... and added a cute little koala cookie to the top of each one!

London Cheesecake

I made this with a friend of mine for her to take to work for a "Multicultural day" at her work. Again, it is from How to be a Domestic Goddess. It is a rich, dense, creamy cheesecake, including 6 egg yolks, and covered with a layer of sour cream. Absolutely divine, but only in small slices.

Marble Cake
Sometimes you just want a little something sweet with your afternoon tea. Something plain, unfancy, and just a little bit naughty. The solution? Marble Cake, Donna Hay, Modern Classics 2. I know I keep saying I'm not a Donna fan, but I got Modern Classics 1 & 2 for my 21st birthday, and I have since realised that they're a great source for basic recipes. The only difference I made was to omit the pink swirl that Donna suggests, and increase the chocolate swirl.

Chocolate Cheesecake
I saw Nigella make this on Nigella Feasts, and just had to have it. Chocolate base, chocolate filling, chocolate glaze. Sounds beautiful! We made it as a trial run for that "Multicultural Day" thingo my friend was having at her work. When we tried it, however, we felt it was waaay too rich, even in teensy-weensy slices. So, we opted for the London cheesecake, and gave the remaining chocolate cheesecake to my dad to distribute to his (not-so-fussy) workmates, who all thoroughly enjoyed it.

Sunday, November 18, 2007


Vlado's is well-known, as proclaimed on the autograph-covered plaque adorning one of the walls, for "40 years of no change". And why would you need to change, when you're Melbourne's most famous and enduringly successful steakhouse?

61 Bridge Road
VIC 3121
9428-5833 or 9428-2819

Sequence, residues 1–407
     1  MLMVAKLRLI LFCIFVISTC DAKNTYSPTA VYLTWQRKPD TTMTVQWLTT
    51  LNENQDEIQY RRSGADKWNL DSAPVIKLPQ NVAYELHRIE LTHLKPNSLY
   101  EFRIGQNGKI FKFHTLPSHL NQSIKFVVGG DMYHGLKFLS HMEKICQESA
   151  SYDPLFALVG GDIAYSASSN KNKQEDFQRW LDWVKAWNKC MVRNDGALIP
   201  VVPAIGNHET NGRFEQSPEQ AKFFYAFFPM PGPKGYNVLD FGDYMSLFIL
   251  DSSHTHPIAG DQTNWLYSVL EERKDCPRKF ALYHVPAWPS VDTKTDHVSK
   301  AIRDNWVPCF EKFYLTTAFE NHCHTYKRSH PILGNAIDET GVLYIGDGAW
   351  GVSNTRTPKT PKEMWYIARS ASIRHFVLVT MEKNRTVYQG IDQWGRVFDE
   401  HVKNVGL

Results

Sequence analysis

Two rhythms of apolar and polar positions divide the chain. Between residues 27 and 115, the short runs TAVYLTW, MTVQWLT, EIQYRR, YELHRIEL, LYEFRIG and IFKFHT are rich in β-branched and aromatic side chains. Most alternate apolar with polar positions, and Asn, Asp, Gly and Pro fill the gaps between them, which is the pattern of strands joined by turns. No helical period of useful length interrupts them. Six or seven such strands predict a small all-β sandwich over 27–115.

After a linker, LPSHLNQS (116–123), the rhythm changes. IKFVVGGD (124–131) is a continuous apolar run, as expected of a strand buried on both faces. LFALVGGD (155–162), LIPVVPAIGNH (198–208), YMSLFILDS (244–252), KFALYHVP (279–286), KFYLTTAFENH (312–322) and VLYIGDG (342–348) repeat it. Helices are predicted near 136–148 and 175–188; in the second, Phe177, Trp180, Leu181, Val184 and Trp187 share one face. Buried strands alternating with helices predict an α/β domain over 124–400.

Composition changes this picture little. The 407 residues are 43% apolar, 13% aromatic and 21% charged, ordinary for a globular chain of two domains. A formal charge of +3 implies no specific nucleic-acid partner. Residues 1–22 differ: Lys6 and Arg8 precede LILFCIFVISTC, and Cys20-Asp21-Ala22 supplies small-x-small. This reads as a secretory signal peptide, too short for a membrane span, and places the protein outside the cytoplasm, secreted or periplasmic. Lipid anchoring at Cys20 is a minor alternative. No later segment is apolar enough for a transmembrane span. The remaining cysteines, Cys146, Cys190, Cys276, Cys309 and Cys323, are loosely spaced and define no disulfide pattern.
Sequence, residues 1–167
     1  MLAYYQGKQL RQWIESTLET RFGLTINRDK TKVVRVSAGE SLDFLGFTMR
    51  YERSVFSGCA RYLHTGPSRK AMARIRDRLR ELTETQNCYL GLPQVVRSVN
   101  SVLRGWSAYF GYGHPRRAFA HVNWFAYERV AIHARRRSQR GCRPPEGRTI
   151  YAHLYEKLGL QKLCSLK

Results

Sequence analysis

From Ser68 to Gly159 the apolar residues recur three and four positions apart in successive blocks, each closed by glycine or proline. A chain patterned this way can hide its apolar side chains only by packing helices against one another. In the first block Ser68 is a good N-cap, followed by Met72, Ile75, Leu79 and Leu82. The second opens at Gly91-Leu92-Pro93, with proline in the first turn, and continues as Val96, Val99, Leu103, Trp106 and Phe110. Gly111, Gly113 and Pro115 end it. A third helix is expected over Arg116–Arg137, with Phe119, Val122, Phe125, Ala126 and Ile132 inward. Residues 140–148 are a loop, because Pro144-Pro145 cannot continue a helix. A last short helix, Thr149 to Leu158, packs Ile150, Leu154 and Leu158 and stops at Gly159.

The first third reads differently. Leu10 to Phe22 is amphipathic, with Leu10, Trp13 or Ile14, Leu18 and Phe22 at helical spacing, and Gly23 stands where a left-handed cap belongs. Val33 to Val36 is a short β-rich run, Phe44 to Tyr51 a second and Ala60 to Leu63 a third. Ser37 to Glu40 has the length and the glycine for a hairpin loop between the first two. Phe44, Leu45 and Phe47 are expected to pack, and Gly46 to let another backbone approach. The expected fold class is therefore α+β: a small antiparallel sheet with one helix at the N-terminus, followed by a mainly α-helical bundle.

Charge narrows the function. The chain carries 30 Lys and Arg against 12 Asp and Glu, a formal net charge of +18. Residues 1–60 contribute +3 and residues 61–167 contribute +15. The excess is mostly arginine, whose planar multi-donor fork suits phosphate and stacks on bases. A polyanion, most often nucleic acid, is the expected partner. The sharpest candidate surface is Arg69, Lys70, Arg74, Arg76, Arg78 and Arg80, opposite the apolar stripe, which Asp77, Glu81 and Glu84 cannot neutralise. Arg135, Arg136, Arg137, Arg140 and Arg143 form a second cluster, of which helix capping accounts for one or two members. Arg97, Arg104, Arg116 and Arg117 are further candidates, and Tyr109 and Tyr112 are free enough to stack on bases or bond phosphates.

Vlado Gregurek opened Vlado's in 1964, and has been serving up Melbourne's finest steaks ever since. His restaurant has become world renowned for the quality (and generosity) of its food, especially amongst the Japanese, and the Germans, who, according to Vlado himself, "very much enjoy their food". (Woo-hoo).

Stepping through the heavy wooden doorway for the first time, I was surprised by how small the space actually is. I suppose I was expecting a restaurant as large as the reputation that precedes it. However, it is just a pleasantly sized, 2 storey, narrow building. Speaking of which, when you make a booking (and you will need to, as it is always packed), ask to sit downstairs if you can. This way Vlado himself will definitely come around and greet you; he seems to spend more of his time downstairs than upstairs; and he is a genuinely lovely person. His waiters, too, are excellent, without a hint of attitude; our waiter had been working there for over 25 years, yet still seemed to be enjoying his work and served us with a smile. (Even when someone on our table ordered their steak well done. Shock, horror!).

The decorations on the wall include the aforementioned gold plaques, covered in autographs and the motto: "40 years of no change", photos of celebrity diners from all over the world, other bits and bobs, and a massive picture of livestock in a paddock. This picture, (see photo above) looks spookily like a similar picture from the menu of that flashy, expensive, new-kid-on-the-block steakhouse, bar and grill in Melbourne. But unlike the single benign beast on that menu, the herd of beasts on Vlado's wall stare at you as you eat. It's kinda bad-ass. I like it.

And speaking of eating... here is the food! It is a set menu, the only choice you have is which steak you would like, and how you want it cooked. (Actually, you can choose between 2 desserts, but that's hardly as difficult as selecting your steak).

Cabbage Salad

Just cabbage, lettuce, tomatoes, and one addictively sharp dressing. It is simple and perfect. Steaks aside, I could eat bowlfuls of this salad by itself. (Note to self: buy a mandolin and start experimenting with dressings).

One enormous boule of crusty bread. Yummy though it is, heed my father's advice and don't fill up on it.